DNA research helps understand how the Americas were first populated

Brad Lepper

Source - http://www.dispatch.com/news/20170402/archaeology-dna-research-helps-understand-how-americas-were-first-populated

Human history is written in our DNA.

Biological anthropologists Connie Mulligan, of the University of Florida, and Emoke Szathmary, of the University of Manitoba, consider how genetics informs our current understanding of the population history of the Americas in the latest issue of the American Journal of Physical Anthropology.

The ancestors of American Indians diverged from their Eurasian source populations sometime after 40,000 years ago. These people entered Beringia, the large land mass that connected Asia to North America during the Pleistocene Epoch, but could not move into North America because massive glacial ice sheets blocked their way.

For perhaps as much as 15,000 years, they were isolated on America’s doorstep.

During this period, several distinctively American genetic lineages became established. Four of these, identified by the letters A, B, C and D, occur across North and South America. A fifth, X2a, is restricted to North America.

We know these lineages developed during the extended layover in Beringia because they have been identified in the DNA of the most ancient American Indian human remains yet discovered.

Once the climate began to warm around 16,000 years ago, the glaciers began to recede and the various groups living in Beringia moved southward initially along the Pacific Coast in “a single, rapid expansion into the Americas.”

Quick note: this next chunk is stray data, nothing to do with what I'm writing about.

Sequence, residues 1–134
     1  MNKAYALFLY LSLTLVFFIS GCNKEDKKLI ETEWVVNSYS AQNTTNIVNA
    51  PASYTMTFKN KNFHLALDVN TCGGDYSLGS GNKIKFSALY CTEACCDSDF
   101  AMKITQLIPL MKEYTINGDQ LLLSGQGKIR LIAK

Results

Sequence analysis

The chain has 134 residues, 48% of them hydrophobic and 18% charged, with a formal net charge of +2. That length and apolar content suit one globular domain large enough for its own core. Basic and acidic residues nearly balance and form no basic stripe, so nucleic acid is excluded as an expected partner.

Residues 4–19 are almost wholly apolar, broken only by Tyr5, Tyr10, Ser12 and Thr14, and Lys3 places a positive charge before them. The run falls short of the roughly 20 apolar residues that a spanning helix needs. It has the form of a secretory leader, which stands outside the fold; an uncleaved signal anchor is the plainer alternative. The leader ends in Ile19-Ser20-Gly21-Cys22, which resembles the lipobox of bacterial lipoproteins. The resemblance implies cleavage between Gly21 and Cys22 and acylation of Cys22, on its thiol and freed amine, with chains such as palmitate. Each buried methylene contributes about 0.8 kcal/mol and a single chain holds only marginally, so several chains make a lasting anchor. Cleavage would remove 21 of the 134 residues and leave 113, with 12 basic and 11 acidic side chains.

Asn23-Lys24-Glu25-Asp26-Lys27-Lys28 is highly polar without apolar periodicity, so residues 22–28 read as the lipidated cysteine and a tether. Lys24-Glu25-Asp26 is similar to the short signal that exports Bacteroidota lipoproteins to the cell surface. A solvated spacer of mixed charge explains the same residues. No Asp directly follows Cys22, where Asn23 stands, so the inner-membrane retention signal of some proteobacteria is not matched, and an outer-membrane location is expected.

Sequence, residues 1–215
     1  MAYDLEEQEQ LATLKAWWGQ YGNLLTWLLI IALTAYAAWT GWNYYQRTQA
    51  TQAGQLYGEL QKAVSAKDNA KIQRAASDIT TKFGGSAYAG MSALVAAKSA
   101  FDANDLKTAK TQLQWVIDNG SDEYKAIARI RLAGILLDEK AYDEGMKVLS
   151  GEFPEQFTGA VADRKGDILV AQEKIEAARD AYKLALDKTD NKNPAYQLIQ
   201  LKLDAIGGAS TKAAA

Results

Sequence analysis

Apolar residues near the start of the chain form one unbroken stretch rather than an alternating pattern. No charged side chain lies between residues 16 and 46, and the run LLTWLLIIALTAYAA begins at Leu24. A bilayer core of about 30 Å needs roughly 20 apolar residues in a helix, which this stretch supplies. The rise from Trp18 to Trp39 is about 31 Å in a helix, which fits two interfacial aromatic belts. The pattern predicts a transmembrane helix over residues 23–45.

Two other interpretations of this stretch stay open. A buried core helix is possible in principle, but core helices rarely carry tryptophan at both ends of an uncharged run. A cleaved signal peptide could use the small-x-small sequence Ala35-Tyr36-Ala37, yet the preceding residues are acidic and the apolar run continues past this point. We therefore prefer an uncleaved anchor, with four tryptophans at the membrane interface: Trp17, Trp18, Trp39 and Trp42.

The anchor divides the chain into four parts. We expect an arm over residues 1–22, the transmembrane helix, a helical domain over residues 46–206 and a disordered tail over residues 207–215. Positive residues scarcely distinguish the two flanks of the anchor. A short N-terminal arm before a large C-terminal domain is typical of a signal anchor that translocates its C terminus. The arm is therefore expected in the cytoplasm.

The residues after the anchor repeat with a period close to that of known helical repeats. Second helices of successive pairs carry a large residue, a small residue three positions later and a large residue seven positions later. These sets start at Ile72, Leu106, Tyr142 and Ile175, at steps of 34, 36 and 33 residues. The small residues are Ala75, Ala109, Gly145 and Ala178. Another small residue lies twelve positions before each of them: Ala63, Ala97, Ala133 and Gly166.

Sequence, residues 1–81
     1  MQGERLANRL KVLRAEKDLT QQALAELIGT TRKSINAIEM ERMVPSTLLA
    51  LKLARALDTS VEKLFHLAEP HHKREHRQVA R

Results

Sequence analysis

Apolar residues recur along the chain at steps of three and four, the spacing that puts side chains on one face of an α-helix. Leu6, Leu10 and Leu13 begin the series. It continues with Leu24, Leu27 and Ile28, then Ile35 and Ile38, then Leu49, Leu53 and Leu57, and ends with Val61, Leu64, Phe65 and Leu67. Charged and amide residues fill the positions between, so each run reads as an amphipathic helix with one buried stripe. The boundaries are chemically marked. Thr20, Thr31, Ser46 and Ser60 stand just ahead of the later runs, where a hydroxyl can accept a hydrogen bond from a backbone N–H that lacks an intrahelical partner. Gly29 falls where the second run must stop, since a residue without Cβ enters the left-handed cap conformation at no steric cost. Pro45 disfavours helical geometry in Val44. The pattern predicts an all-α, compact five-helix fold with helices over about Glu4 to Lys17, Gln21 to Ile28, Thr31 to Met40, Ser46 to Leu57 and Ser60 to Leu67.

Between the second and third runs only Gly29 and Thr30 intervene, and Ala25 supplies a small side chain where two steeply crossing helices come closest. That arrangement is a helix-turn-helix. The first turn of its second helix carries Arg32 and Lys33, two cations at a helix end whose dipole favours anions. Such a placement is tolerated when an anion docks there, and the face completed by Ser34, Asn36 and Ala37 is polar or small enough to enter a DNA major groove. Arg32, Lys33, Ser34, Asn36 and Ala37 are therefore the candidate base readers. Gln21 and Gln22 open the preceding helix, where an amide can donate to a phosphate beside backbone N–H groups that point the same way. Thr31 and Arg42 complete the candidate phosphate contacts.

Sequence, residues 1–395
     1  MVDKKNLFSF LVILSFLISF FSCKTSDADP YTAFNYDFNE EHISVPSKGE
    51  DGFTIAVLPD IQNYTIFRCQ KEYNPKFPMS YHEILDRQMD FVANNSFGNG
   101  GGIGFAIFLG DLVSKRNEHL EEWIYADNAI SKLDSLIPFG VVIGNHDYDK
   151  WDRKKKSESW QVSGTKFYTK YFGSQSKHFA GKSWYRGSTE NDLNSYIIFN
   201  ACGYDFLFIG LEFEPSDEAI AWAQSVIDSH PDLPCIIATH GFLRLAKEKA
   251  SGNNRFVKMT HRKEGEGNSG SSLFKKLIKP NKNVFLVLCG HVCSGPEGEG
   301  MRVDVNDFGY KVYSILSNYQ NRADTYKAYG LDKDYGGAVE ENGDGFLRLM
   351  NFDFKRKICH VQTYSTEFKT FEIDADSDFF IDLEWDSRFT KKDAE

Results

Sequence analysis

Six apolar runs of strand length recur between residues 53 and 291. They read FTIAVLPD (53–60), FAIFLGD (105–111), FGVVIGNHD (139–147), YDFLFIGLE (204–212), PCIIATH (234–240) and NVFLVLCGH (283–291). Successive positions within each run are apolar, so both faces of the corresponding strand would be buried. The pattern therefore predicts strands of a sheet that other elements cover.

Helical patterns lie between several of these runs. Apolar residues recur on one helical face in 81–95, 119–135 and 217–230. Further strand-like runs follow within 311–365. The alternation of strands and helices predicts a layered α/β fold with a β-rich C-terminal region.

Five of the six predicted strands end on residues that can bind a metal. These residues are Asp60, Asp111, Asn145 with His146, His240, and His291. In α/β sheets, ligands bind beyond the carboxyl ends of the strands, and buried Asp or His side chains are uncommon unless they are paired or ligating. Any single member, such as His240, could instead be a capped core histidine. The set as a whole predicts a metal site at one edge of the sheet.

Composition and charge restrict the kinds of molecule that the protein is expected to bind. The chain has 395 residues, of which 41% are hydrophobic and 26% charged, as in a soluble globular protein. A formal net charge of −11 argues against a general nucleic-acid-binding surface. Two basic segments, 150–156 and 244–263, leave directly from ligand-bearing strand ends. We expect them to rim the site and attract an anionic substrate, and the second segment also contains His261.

The quickness of this dispersal of many small groups into the vast and varied environments of two continents accounts for most of the subsequent diversification of languages and cultures that we see in the historic era.

In a paper published last year in Current Opinion in Genetics & Development, Pontus Skoglund and David Reich, both with Harvard Medical School, cite evidence for a small “Australasian” genetic signature among the first Americans, which they refer to as “Population Y.” But it’s not yet clear when this distinctive DNA was introduced into the indigenous American gene pool.

Skoglund and Reich acknowledge that sorting out the population history of the Americas will require “information from anthropology, linguistics, archaeology and sociology.” It is especially important to involve contemporary American Indians in that process because “their perspectives have been underrepresented in these studies in the past.”

Mulligan and Szathmary suggest that one reason American Indians might have been reluctant to become involved in genetic research is that the results commonly are framed in ways that many find “threatening to their identity and interests.”

As an example, Mulligan and Szathmary suggest that the use of the term “migration” to describe the initial movement of peoples from Asia into the Americas can be interpreted to imply that indigenous Americans are simply another immigrant population with no special rights to the lands their ancestors were the first to discover.

Mulligan and Szathmary suggest we stop using the word “migration” to describe a process that involved “occupation over several millennia of a consolidated Asian-American land mass, where people differentiated from their source populations, evolving the molecular genetic markers that identify their descendants today as ‘American.’ ”

What they’re proposing isn’t a matter of arbitrary political correctness, but instead reflects the simple truth that “words matter in conveying respect for the populations whose history we study.”